The cost of living crisis is upon us – energy bills have increased, inflation is rising, and millions are set to be pushed into poverty. In this blog, Media and Communications Officer, Holly Beattie explores a cost of the crisis that many won’t see, the negative impact on mental health.
Over the past five years we’ve seen a 128 per cent increase in food bank use across the UK. We’ve seen a further 500,000 children forced into poverty. We’ve seen millions of households having to make the choice between heating their homes or paying for food.
These shocking impacts of poverty can be seen in every region of the UK and for our funded partners, living in the most disadvantaged areas of Great Britain, the consequences of the cost of living crisis are visible in their neighbourhoods every day.
A project participant recently said “It’s nice to come and spend some time with you, it means I don’t have to put my heating on for a couple of hours”, which represents the immense impacts of this crisis.
The Trust’s funded partners report financial issues, food insecurity and health concerns as issues of growing concern for the people they work with, which are linked to a broader increase in levels of anxiety.
A more hidden impact of this crisis, even to those experiencing it, is the burden of stress it is causing and the long-term impacts on people’s mental health.
Mental health was consistently the area of greatest concern across four waves of survey data covering the first eighteen months of the pandemic. In a Trust survey about the impacts of the Covid-19 pandemic carried out between March and April 2021, 97 per cent of project leads identified this as a concern within their communities and neighbourhoods.
The link between money and mental health is clear. The Money and Mental Health Policy Institute found that almost four in ten people with a mental health problem said their financial situation had worsened their mental health problems.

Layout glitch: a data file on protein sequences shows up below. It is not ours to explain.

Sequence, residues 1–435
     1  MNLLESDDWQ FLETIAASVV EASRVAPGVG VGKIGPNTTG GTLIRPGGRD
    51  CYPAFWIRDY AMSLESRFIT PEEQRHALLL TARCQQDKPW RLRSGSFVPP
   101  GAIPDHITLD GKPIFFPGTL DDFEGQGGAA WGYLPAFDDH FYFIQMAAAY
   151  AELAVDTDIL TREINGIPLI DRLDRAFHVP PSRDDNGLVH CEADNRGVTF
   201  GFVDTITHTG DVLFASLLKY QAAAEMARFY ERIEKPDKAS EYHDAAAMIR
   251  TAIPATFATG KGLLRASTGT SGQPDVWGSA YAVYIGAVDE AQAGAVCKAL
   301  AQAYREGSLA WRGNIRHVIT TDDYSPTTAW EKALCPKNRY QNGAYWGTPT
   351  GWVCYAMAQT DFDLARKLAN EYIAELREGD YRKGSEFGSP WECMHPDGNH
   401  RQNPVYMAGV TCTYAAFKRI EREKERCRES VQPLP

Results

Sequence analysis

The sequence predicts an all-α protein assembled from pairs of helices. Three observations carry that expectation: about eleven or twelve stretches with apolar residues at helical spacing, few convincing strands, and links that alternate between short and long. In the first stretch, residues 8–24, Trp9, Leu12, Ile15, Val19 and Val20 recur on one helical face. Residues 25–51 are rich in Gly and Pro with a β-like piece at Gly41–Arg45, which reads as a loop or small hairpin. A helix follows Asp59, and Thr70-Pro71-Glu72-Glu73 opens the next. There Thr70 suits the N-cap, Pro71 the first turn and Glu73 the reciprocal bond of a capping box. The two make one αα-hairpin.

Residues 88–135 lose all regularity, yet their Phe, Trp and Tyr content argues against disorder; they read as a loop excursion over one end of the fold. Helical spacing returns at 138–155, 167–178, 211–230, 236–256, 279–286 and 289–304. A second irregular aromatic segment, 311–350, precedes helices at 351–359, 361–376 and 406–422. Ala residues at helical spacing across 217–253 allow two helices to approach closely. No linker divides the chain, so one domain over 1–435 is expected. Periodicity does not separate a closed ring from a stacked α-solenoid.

And almost a third (32 per cent) of respondents said that their mental health problems had made their financial situation worse. This demonstrates the troubling cycle people can find themselves in very quickly when they experience financial insecurity.
Due to the varied and more immediate impacts of the cost of living crisis, such as hunger, dealing with mental health issues can often be put to the bottom of the list of things to worry about, or take action on.
Karen Noble, Project Lead at Pallion Action Group – a People’s Health Trust funded project – is delivering immediate help and thinking ahead to long-term solutions. She said:
“The fuel hikes aren’t in line with people’s wages and benefits, so we’re helping as much as we can. But we don’t just want to stick a plaster over it. Do we need to get people into better-paid jobs? Do we need to upskill them?”
People with severe mental illness on average have 15 to 20 years shorter life expectancy than the general population. However, this varies depending on the illness and studies include a range of diagnoses including substance and alcohol misuse, dementia and learning disabilities.
For mental health conditions the average reduction in life expectancy for bipolar disorder is between nine and 20 years; for schizophrenia it is 10 to 20 years; and seven to 11 years for recurrent depression.
If millions of marginalised households are forced to face higher energy bills, greater financial insecurity, and an increase in food poverty, it is not just their physical health that will be negatively impacted but their mental health as well.
With the cycle of money and mental health issues proving difficult to break, we can expect to see a fully-fledged mental health crisis if action is not taken. The true cost of this will only become evident in the next few years as we see health inequalities increase and an already stretched health service put under even greater pressure.
Holly was Media and Communications Officer at People's Health Trust from 2021 to 2022.